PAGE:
The main approach, however, is to provide a system of incentives, making it worthwhile for local councils to build because they recoup financial benefit from doing so. The incentives include some new ideas and an extension of existing opportunities, including a gradually escalating development tax to be levied on stalled sites, retention of savings achieved locally on housing benefit spend through an earn-back deal, controls over rents and greater freedom to borrow against existing stock. There is also a significant emphasis on devolving housing capital budgets where groups of councils are working together well and can show strong joint working arrangements – this could be city regions or county areas, sub national rather than regional, to help cities that are particularly constrained by tight boundaries. The idea would be to require collaboration across boundaries, including identifying land for new housing to meet needs, in order to quality for a devolved housing capital budget – it would be interesting to know if this really would incentivise local councils sufficiently to overcome local opposition?
The report includes the notion of turning the funding regime on its head and giving local councils control of public spending on housing through the establishment of multi-year affordable housing funds (AHF), combining an areas share of national spend on housing investment and housing benefit into one fund controlled locally. The emphasis once again is on combined authorities, as the only local structure that would have the capacity to operate such large funds and strategic delivery. At the moment the main formally agreed combined authorities in England are in the north of the country, others haven’t yet gone down this route but have preferred to maintain the informal arrangements and/or operate through their LEPs. It would be interesting to know more about how combined authorities work with LEPs and what different structures might be acceptable under such a model in order to attract the funding – one size does definitely not fit all.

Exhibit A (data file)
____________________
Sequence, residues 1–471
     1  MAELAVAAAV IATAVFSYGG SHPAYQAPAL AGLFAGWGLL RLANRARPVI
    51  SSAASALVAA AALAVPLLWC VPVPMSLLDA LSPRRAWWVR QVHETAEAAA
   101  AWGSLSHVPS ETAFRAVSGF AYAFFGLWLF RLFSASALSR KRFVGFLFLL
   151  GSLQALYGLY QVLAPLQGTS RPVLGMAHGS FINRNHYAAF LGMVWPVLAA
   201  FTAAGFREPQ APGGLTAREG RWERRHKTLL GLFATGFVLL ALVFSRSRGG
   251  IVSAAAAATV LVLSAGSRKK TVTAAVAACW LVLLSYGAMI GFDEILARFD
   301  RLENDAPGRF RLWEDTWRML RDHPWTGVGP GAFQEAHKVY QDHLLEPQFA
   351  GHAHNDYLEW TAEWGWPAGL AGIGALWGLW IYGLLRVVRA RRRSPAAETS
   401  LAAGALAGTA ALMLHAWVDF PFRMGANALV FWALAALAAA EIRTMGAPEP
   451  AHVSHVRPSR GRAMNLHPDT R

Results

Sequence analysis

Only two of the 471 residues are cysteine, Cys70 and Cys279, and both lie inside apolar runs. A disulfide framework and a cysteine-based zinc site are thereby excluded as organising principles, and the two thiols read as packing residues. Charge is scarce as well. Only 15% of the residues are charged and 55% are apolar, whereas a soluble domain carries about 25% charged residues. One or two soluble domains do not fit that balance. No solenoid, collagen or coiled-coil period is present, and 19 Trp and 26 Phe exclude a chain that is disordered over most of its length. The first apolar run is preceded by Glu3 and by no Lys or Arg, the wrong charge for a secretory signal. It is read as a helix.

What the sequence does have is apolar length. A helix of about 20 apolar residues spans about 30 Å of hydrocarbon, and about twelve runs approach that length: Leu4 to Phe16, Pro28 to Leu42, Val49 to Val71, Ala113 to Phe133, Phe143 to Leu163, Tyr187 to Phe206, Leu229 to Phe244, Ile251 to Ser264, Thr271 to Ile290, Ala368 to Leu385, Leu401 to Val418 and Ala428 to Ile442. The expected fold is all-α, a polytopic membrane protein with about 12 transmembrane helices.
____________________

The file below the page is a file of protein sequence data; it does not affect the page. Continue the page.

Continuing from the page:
The issues raised over accountability are interesting and one of the perennial problems with delegated authority, how do you assess adequately whether or not government funds have been wisely spent to meet local needs. The suggestion put forward is for an ‘affordability index’ providing an objective measure of local performance with the HCA in a monitoring role. This may work but one can only imagine the debate around what the index should contain and may just create additional bureaucracy in an already overly bureaucratic system.
There is much to be applauded in this new report and it raises some interesting points for debate but I’m not sure it goes far enough to address the housing crisis. There are questions left unanswered about national housing targets, land values and land nationalisation and the development of more social housing by councils. But a great start to encouraging more debate about some critical issues.